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November 3, 2022
For just the second time in human history, researchers have identified a source of high-energy neutrinos — ghostly subatomic particles produced in some of the universe’s most extreme environments. The discovery was made by an international collaboration led by Michigan State University and Technical University of Munich researchers at the IceCube Neutrino Observatory in Antarctica. The team announced its findings on Nov. 3 in an online webinar and will publish its study Nov. 4 in the journal
March 10, 2021
On December 6, 2016, a high-energy particle was hurtling through space at nearly the speed of light and happened to smash into an electron deep inside the South Pole’s glacial ice. The collision created a new particle, known as the W– boson. This enabled IceCube to make the first ever detection of a Glashow resonance event, a phenomenon predicted 60 years ago by Nobel laureate physicist Sheldon Glashow. The international IceCube Collaboration, including MSU scientists Claudio Kopper and Nathan Whitehorn, published this result online on March 11 in the journal Nature.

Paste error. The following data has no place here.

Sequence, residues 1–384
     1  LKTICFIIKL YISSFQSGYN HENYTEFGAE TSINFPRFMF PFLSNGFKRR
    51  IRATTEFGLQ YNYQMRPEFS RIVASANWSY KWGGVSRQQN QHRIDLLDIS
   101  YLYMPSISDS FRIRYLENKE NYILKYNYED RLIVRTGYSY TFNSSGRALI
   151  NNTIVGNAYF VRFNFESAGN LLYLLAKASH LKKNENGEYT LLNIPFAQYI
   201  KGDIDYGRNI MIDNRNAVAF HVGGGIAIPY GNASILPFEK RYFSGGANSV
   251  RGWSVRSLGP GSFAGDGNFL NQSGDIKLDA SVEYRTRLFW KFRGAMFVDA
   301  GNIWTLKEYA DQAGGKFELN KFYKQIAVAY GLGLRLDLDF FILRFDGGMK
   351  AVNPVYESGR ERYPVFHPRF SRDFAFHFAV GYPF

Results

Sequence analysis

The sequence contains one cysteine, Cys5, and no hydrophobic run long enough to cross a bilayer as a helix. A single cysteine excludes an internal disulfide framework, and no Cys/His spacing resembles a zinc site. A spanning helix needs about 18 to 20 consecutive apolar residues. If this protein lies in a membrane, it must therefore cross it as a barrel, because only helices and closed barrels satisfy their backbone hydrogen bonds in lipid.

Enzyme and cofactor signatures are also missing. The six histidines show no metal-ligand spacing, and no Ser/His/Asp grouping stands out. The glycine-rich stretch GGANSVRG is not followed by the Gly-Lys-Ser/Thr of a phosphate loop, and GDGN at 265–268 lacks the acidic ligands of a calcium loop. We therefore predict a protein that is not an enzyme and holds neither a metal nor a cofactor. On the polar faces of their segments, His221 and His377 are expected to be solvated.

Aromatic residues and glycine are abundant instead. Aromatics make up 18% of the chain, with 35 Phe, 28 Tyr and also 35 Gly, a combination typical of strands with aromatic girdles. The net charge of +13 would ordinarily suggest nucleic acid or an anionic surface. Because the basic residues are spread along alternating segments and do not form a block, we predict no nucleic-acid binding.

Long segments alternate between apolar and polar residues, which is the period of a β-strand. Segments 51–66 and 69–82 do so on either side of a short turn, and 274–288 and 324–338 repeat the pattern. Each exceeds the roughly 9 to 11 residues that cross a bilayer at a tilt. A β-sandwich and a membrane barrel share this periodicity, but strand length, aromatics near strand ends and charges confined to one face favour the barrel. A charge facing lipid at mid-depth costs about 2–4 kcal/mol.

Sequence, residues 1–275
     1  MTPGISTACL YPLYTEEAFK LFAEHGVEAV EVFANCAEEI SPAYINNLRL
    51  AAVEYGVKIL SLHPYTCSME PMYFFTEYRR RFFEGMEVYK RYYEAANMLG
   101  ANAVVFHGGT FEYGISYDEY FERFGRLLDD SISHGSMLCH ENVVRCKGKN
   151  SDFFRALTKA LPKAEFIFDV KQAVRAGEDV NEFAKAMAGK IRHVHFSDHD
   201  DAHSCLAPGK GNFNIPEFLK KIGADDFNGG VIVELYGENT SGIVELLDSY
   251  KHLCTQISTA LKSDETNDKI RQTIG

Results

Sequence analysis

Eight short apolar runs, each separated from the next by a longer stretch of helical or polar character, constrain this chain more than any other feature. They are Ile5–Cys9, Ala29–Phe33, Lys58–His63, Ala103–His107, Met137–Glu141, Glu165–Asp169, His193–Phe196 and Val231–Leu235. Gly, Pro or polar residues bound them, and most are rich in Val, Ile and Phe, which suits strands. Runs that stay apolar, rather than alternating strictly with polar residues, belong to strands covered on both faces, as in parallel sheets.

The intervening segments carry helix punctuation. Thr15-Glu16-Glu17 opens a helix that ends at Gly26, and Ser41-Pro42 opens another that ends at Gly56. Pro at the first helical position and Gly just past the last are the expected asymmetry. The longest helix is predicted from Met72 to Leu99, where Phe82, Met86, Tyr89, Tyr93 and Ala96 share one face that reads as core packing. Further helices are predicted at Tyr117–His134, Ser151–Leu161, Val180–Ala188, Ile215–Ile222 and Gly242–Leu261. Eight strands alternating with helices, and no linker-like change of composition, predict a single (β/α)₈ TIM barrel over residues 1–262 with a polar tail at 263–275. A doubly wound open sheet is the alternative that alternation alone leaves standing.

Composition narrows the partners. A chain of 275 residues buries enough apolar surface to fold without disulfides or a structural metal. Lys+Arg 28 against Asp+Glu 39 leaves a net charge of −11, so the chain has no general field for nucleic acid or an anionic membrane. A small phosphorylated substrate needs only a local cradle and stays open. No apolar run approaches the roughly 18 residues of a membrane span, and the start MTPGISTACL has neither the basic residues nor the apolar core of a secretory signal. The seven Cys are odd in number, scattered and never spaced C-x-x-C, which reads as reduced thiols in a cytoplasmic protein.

January 30, 2023NIH grant seeks to tap fish's regenerative might
January 25, 2023$1.9 million NSF grant to amplify math research, community, takes shape at Michigan State
January 25, 2023Why this promising biofuel crop takes a summer break